“Anything we do will be centered around a business case,” said Lagrange. “It’s about the ‘size of the prize’ and how to capture that prize . . . delivering actionable solutions as opposed to just answering research questions.”

Flexible and nimble will be among the actions while CDIC builds upon its inherent strengths. To do that, CDIC will spread its research capabilities across the region.

Being in California, a center for both dairy and entrepreneurship, also has its benefits.

“We are blessed to be in a state with a large number of higher education institutions, as well as a diverse and young population,” she said. “So much innovation takes place here, and California is well-known for its entrepreneurial spirit. That culture is an inherent strength. We wish to attract more of these innovators to dairy,” said Lagrange. “The California Milk Advisory Board (CMAB) already has concurrent innovation accelerators, which have proven to be very successful tools. They will be part of CDIC’s toolbox.”

Climate-minded packaging

The CDIC is developing a comprehensive program of work relative to sustainable packaging. The traditional gallon jug is highly recyclable and of great value to recyclers. However, better understanding of how consumers recycle, and helping processors adopt materials with high post-consumer recycled content, is just the first step. The next step involves increasing post-consumer content in future packaging. That, in turn, helps reduce use of virgin plastics. This is a priority for the food industry.

EU and Oceania companies also are investing in eco-friendly packaging, and global consumers increasingly demand it. As a working example, CDIC will explore the suitability of polymer substitutes and new bioplastics for retail and food service dairy products.

In addition to recycling, the center is focusing on making dairy part of the solution. In this far-reaching goal, the CDIC research team continues to investigate the feasibility of processes to manufacture biodegradable containers and films made from dairy co-products such as whey or permeate.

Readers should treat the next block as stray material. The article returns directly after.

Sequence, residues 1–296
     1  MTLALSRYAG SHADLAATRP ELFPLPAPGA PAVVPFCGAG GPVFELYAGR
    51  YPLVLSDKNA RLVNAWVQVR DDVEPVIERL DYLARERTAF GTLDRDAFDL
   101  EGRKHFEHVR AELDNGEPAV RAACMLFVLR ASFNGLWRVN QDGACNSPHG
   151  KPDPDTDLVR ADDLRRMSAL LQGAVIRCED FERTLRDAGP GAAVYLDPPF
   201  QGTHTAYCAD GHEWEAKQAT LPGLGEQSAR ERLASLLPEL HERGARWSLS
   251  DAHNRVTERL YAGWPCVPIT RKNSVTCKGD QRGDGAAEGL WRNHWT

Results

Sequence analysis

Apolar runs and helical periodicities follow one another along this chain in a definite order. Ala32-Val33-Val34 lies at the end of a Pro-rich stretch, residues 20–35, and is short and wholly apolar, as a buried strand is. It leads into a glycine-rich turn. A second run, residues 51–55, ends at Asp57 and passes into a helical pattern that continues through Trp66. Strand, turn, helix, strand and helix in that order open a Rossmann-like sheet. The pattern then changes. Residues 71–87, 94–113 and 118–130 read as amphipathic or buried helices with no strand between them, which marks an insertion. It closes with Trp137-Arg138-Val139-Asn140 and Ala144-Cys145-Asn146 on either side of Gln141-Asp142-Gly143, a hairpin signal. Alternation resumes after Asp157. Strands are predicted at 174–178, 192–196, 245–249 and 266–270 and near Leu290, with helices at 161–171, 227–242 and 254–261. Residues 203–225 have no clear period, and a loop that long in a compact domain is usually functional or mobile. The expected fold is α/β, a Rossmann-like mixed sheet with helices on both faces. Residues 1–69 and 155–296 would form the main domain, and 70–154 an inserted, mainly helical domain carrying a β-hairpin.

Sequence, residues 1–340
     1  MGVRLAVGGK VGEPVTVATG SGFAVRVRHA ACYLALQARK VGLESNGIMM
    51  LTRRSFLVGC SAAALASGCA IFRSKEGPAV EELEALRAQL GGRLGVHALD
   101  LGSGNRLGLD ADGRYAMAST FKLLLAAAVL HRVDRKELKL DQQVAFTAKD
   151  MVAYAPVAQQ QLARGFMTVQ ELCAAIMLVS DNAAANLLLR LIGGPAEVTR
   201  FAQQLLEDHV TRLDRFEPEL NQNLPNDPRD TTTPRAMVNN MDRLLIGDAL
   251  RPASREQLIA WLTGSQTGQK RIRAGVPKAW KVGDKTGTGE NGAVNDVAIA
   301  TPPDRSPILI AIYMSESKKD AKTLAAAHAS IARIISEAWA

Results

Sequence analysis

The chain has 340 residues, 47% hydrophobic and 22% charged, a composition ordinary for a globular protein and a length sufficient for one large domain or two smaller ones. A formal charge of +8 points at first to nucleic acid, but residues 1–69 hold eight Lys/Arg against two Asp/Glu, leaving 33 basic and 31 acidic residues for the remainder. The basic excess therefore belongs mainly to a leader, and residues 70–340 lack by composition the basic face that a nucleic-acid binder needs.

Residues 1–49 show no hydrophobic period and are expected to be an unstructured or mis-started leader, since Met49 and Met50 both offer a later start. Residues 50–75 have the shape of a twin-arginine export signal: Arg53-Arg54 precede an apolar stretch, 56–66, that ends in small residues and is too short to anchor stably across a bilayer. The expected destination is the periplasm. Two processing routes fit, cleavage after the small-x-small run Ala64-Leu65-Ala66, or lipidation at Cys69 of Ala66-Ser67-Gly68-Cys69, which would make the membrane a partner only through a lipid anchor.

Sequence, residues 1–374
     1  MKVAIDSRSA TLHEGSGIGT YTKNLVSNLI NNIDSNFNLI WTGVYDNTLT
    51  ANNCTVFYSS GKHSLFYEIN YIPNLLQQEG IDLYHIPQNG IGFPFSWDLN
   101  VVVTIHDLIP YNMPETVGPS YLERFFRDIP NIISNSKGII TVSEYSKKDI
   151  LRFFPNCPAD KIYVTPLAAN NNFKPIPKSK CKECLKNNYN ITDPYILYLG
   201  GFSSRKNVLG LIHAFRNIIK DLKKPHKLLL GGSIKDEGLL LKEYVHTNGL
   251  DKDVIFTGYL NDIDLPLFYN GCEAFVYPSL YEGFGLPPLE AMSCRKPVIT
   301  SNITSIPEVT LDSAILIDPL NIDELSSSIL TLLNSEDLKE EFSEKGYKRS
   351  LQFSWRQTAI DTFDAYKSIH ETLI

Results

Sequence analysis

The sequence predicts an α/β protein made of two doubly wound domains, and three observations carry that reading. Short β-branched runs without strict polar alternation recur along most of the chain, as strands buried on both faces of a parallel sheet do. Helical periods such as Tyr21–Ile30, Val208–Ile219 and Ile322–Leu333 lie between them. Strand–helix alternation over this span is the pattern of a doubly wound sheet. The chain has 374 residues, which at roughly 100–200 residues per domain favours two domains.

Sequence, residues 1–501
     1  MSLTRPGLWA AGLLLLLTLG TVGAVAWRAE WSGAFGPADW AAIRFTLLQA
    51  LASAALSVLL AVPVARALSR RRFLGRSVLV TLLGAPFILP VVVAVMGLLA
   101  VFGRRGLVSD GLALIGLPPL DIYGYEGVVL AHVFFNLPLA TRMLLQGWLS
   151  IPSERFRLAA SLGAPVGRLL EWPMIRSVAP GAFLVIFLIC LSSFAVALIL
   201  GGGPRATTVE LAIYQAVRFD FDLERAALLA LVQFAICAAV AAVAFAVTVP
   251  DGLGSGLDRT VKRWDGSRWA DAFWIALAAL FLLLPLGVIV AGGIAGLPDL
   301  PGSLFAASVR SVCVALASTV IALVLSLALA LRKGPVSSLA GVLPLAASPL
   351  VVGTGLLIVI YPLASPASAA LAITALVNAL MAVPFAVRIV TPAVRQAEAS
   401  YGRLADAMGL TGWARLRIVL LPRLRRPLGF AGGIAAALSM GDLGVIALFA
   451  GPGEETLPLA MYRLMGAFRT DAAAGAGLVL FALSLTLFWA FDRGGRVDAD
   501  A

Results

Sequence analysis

“We listen to what consumers want. Our goal is to get ahead of the curve and find a range of product opportunities for the dairy industry,” Lagrange said.

The CDIC will be working with the universities throughout the CDIC network to connect on this issue. At the same time, the CMAB team is establishing relationships throughout the supply chain, including processors, packaging material suppliers, equipment, and process designers, as well as recyclers and other trade associations.

“Some companies are looking beyond the milk jug or carton and want packaging options for yogurt, cream, butter products, and dairy drinks,” she further explained. “One size will not fit all; we need a multipronged approach. Each product presents its own challenges related to shelf-life and supply-chain, and processors of various sizes face their own set of constraints.

“We already work with a number of excellent researchers and will continue widening our network to accelerate the pace of innovation,” Lagrange said with an eye on the future. “Together, working with the other dairy centers, building robust partnerships throughout our supply chains, and listening carefully to our global customers to anticipate their needs, we will effectively accelerate innovation in the dairy industry.”